Notice how I came up with the numbers I need. None of these are absolute. They are all guesstimates at best. That’s OK. Notwithstanding a lot of high-brow rhetoric tossed around by gurus, experts, etc., guesstimates are the best any of us can ever do when we invest; after all, we’re dealing with the future, and nobody knows what that will bring. That inspires our second important mantra:
- Reasonable approximation is superior to false precision!
Now that we have reasonable guesstimates for the numbers we need, let’s calculate ITR (Ideal Total Return):
ITR = 3.5% + (0.60 * 5%)
- ITR = 6.5%
That’s it. The starting point for my evaluation of equity-income investments is an annualized Ideal Total Return of 6.5%.
So what about those other yields we considered? That’s easy to decipher. Knowing as we do that Total Return is Dividend Yield plus capital gain/loss, we can assume that if a stock yields 2.5%, that’s reflecting a market assumption that capital gains will average 4% per year over the long term. Conversely, if a stock yields 12%, that’s reflecting an assumption of annual capital losses amounting to 5.5%.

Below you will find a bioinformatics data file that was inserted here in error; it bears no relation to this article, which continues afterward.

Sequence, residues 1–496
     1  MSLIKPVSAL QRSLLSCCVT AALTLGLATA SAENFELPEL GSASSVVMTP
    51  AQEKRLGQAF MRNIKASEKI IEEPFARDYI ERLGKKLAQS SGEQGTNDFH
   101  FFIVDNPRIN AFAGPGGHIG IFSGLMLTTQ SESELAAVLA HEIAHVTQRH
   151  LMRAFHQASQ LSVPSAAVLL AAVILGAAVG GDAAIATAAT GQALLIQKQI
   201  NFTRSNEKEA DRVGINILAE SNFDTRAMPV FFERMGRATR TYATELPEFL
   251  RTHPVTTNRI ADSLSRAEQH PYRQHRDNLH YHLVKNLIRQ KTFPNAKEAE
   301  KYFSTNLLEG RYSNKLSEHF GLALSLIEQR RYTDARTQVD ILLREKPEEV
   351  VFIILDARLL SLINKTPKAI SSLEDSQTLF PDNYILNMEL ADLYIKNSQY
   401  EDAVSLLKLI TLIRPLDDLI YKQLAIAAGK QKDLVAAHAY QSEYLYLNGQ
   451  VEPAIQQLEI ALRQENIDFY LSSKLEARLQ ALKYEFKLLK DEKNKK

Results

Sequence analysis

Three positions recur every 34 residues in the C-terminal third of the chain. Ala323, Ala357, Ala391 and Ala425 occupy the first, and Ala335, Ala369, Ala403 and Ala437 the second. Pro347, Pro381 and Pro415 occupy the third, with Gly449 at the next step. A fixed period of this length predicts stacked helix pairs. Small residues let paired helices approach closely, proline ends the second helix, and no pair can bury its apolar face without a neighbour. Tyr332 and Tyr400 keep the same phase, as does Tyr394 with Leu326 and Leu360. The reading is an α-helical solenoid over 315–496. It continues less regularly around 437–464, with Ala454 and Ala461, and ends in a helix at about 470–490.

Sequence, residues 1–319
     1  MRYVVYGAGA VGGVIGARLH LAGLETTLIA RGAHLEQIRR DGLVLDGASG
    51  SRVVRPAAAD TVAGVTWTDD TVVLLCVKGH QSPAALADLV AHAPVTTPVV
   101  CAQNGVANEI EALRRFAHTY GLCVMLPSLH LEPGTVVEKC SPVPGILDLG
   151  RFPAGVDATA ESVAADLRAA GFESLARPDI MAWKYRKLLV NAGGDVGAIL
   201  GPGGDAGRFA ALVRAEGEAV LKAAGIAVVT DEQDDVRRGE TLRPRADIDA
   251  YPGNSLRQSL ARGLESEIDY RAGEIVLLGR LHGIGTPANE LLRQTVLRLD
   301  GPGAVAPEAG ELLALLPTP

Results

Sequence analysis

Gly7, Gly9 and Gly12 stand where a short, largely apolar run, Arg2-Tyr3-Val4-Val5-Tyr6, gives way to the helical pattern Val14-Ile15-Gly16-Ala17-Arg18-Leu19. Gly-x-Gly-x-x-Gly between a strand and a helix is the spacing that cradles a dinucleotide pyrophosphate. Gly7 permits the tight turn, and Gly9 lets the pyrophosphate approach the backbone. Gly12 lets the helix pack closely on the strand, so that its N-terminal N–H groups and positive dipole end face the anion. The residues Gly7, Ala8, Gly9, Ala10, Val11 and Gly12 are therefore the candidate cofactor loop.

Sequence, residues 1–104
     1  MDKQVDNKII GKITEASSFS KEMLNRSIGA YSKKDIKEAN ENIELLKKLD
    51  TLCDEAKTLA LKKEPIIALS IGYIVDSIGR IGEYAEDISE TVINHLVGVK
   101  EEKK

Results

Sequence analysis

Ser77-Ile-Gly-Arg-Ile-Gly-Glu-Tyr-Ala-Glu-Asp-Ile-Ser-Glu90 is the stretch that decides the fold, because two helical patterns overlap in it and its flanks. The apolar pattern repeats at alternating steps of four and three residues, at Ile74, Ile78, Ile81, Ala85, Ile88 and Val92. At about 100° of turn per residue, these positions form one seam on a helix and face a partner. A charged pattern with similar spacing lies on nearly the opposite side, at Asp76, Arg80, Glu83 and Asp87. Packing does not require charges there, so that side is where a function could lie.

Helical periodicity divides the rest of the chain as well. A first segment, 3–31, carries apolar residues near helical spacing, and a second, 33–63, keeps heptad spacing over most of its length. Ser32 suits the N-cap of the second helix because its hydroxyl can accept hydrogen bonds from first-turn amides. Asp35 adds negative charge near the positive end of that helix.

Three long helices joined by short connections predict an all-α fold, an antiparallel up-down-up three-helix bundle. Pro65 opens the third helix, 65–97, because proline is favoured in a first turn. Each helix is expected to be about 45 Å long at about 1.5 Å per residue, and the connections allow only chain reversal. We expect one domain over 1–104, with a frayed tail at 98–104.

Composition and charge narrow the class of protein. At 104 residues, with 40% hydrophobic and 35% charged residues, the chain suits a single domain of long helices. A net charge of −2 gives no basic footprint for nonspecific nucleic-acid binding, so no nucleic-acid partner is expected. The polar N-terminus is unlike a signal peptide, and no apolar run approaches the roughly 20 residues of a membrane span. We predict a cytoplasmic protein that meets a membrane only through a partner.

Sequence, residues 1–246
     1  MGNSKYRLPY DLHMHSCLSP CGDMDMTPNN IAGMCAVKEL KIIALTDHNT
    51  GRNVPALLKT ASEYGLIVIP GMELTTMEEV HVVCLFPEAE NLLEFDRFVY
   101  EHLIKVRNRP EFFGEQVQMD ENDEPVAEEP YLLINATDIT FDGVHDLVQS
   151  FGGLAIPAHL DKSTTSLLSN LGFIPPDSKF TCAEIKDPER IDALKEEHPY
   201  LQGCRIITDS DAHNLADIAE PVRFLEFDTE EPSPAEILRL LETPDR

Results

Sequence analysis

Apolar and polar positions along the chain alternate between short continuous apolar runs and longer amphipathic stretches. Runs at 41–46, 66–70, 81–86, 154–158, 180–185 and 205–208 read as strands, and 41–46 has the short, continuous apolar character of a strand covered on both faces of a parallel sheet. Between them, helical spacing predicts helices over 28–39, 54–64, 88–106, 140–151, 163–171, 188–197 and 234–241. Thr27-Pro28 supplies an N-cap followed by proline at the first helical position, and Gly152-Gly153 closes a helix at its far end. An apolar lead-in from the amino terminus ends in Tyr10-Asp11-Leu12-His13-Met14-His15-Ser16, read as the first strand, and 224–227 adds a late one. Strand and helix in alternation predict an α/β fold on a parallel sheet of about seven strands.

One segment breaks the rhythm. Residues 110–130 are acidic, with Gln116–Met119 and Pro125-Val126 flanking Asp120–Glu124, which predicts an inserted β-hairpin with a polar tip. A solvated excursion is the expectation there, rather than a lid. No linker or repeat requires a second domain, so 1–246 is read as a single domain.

Let’s not get crazy over the exact numbers. Stocks bounce around a lot and for all we know Microsoft could be 15% lower this time next year, and some double-digit yielding stocks could be up. Models like CAPM (and others such as dividend discount, discounted cash flow valuation, Back Scholes option pricing, etc.) are theoretical starting points. However, when we use them in that spirit, they can be great. When we take the results literally and commit money, things can get ugly.
Here is what we want to learn from our brief CAPM exercise: